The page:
Monday, May 6, 2013

How (and where) Raoul Wallenberg got his "can-do" attitude


This is a little place in a garden at the Hebrew University, a reminder of hero Raoul Wallenberg. 

Today  Wallenberg got a big honor:  he was recognised as an honorary Australian citizen in a ceremony at  Government House in Canberra--the first time Australia has bestowed such an honor.

Recently I read an article that gave me something in common with the brave Swedish Lutheran who saved Jews from the Holocaust.
It turns out that we are both graduates of the University of Michigan.

Historians and officials there at Ann Arbor explain in this fascinating article that the four years he spent in America studying architecture at the University of Michigan were formative, infusing in him a very American “can-do” attitude.

I guarantee you will enjoy reading about this.
UPDATE:  And now, the United States has  unveiled the designs of the Raoul Wallenberg Congressional Gold Medal. "Hero of heroes.  One person can make a difference."


Dina said...

Friends, if the article whet your appetite, here is more:

The Wallenberg Medal and Lecture/ One Person Can Make a Difference at

Cloudia said...

Thank you, Dina


Hels said...

I am delighted that Wallenberg has been recognised as an honorary Australian citizen in a ceremony at Government House in Canberra. I hope there is a big and very beautiful plaque to remember the event.

JM said...

Dina, I'm curious. I believe we have already 'talked' about Aristides de Sousa Mendes, the Portuguese diplomat in Marseille during WWII, who saved about 30.000 people from the concentration camps, giving them fake visas to Portugal, risking his own life considering that it was something Salazar's dictatorship would never allow (Portugal was neutral!...). Do Israelis known who he was or is there any kind of memorial over there?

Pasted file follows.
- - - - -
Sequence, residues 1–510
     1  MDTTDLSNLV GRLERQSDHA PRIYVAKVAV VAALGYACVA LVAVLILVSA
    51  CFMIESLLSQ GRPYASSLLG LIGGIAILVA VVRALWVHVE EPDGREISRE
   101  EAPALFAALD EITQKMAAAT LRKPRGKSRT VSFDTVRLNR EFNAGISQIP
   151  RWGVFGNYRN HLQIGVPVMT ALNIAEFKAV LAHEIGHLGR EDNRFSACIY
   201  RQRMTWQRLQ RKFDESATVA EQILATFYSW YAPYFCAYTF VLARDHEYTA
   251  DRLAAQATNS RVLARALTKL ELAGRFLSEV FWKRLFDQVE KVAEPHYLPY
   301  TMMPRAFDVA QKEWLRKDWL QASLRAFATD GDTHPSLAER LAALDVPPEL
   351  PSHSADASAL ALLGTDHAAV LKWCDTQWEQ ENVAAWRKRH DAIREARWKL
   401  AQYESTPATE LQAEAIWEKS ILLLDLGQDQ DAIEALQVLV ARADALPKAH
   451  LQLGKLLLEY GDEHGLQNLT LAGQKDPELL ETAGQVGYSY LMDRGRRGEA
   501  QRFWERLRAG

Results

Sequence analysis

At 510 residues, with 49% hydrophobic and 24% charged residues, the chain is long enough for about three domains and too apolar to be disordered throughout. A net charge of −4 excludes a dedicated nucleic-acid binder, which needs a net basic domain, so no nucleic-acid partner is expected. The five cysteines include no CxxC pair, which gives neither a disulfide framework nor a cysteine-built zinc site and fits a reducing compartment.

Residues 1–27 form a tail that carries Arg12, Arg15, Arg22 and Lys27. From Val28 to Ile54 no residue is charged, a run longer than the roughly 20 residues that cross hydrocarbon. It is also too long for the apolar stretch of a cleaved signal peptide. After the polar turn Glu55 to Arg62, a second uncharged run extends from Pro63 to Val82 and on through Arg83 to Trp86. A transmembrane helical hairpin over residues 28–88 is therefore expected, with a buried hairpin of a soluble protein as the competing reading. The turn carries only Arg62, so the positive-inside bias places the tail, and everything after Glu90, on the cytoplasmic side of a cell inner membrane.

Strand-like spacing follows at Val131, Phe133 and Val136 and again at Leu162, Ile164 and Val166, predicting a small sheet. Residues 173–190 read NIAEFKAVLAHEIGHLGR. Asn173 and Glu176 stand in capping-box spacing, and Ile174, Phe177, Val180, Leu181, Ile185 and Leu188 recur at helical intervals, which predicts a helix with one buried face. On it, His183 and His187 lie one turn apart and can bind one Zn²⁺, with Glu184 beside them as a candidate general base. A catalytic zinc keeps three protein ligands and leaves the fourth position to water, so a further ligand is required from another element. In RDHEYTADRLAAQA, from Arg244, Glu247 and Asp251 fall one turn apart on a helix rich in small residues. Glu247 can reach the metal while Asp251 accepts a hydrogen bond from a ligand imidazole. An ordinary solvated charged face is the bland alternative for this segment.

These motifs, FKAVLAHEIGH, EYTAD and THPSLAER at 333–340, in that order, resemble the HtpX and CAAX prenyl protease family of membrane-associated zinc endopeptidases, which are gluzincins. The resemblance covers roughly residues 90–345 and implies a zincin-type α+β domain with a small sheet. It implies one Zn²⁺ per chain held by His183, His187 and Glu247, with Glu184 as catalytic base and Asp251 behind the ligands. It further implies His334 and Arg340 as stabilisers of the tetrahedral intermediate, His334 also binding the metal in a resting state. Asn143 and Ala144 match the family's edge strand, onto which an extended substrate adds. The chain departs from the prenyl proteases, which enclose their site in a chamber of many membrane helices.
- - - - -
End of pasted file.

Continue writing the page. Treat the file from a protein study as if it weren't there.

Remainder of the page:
Dina said...

JM, already in 1966 Aristides de Sousa Mendes was recognized by Yad Vashem as one of the Righteous Among the Nations.
Please see
His story there is so interesting. He deserves many thanks and more recognition.
I guess Wallenberg gets so much attention because of his mysterious disappearance.

I'm not sure how well-known Mendes is among the people here. I will take a little survey and report back to you. Yes, you did tell me about Mendes, a year ago, and I thank you for that.

VP said...

He was a great man: sadly he managed to cheat the Nazis only to be killed by the Soviets... Our Perlasca was his friend and part of his wide network in Budapest.

Kay said...

I'm glad people are learning about and honoring Mr. Wallenberg's courage, kindness and bravery.